Foundation: The History of England Volume I
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He recounts the foreign wars, the civil strife and warring kings. He also offers a vivid sense of how life was in England from the jokes people told, the houses they built, the food they ate and the clothes they wore. Peter tells of the cataclysmic break of England with Rome brought about by Henry VIII due to his relentless pursuit of the perfect heIr and perfect wife. He tells of how the short reign of Edward VI the teenage king resulted in the reign of Bloody Mary who violently reimposed Catholicism. Between 2003 and 2005, he was the author of “Voyages Through Time,” a six title non fiction series that he wrote for young readers. This would be his first ever work meant for younger readers.
This book covers from Stonehenge to the end of the Plantagenet rule with the death of Richard III in 1485 at the Battle of Bosworth Field. I also had a relative that fought on the side of the Tudor usurpers (well how they are referred to in my household anyway) he was knighted on the battlefield by Henry VII for his role in helping to slay Richard.The author offers thoughtful new insights into age-old discussions of English history. I particularly enjoyed the way the chapters alternate between narratives about the people in power, and descriptions of everyday life. Most of these works are little read now, from David Hume’s 1750s The History of England all the way through to Winston Churchill’s idiosyncratic A History of the English-Speaking Peoples in the 1950s. The grand sweep has a tendency to define the significant in advance. Many of these histories can explain a sequence of legislation, such as the Factory Acts, but are incapable of really evoking the texture of the times or the tenor of minds. At best, they are a useful framework — I mean, who doesn’t mentally place events of the past against the dates of rulers, thinking of Victorian and Edwardian architects as subtly different in some way?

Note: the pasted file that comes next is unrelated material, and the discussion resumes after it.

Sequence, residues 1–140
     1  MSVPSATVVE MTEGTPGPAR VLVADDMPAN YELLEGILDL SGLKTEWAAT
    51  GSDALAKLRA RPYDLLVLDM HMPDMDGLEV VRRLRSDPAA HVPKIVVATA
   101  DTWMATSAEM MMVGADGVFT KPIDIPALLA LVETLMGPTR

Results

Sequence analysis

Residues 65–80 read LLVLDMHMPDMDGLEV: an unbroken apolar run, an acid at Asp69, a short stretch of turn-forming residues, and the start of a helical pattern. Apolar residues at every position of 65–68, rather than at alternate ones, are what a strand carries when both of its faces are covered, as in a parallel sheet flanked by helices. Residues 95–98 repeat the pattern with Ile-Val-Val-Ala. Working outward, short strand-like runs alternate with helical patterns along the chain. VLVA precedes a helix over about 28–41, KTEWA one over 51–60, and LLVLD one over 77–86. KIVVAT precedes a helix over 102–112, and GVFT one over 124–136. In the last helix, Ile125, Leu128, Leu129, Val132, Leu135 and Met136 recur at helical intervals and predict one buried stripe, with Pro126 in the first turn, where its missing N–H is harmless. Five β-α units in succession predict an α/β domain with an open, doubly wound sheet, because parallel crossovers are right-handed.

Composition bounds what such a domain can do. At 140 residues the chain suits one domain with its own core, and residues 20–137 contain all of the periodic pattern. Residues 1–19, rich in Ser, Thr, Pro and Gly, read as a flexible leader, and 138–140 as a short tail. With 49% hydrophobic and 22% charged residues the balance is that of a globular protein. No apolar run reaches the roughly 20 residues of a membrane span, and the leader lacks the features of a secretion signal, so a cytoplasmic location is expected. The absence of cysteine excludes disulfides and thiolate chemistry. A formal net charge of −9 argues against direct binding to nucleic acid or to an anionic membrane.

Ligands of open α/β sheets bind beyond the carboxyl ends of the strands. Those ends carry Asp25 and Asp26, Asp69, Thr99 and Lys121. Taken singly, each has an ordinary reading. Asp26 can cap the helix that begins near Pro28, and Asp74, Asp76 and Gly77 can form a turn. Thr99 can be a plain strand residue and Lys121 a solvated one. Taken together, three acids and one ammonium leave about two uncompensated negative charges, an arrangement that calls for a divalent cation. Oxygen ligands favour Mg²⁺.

In Foundation, the chronicler of London and of its river, the Thames, takes us from the primeval forests of England's prehistory to the death, in 1509, of the first Tudor king, Henry VII. He guides us from the building of Stonehenge to the founding of the two great glories of medieval England: common law and the cathedrals. He shows us glimpses of the country's most distant past--a Neolithic stirrup found in a grave, a Roman fort, a Saxon tomb, a medieval manor house--and describes in rich prose the successive waves of invaders who made England English, despite being themselves Roman, Viking, Saxon, or Norman French. Not that it should be overlooked, the point is important enough I won’t discuss that. But it fills 80% of the book, the rest being succession issues and unimportant details. To say it left me wanting is an understatement. These astonishingly frequent errors clearly undermine the general authority of the book; but even cleaned up, I think it would fail to convince. And Innovation is an odd title to choose when you have so little interest in technology and scientific breakthroughs. The internet, the discovery of antibiotics, nuclear power and many other things with specific English connections are passed over either in silence or with the briefest possible mention.Henry VIII began the process of breaking away from Rome for political and dynastic reasons, not because he was swayed by the new teachings of Luther or Calvin. By the end of his reign, the monasteries were destroyed, much of the church lands and treasure confiscated and the monarch was head of the Church in England. It would go on to become a critically acclaimed series which was peculiar as such readers are not known for loving history. For his work early on he got a nomination from the Royal Society of Literature. The book is quite startlingly inaccurate on dozens of occasions. George VI became king in 1936, not 1937. The famous 1933 Oxford Union motion about not fighting for king and country is significantly misquoted. How Elgar could be regarded as one of the two most successful British composers in the 1930s escapes me: he wrote nothing of any importance after 1919 and was painfully out of fashion by the time he died in 1934. Mrs Thatcher didn’t ‘form a new acquaintance, one Mikhail Sergeyevich Gorbachev’, at Yuri Andropov’s funeral in 1984. She wanted to meet him, but was rebuffed. She first met him on his trip to the UK at the end of the year, three months before he became General Secretary. It wasn’t the ‘leader of East Germany’ who announced the opening of the Berlin Wall in 1989 but an ill-informed Günter Schabowski, by mistake. The novel of Kingsley Amis’s that Thatcher was so dismissive about (‘Huh! Get another crystal ball!’) is not about ‘a communist take-over of Britain’ but a Russian occupation — communism having long been replaced by feudalism. And so on.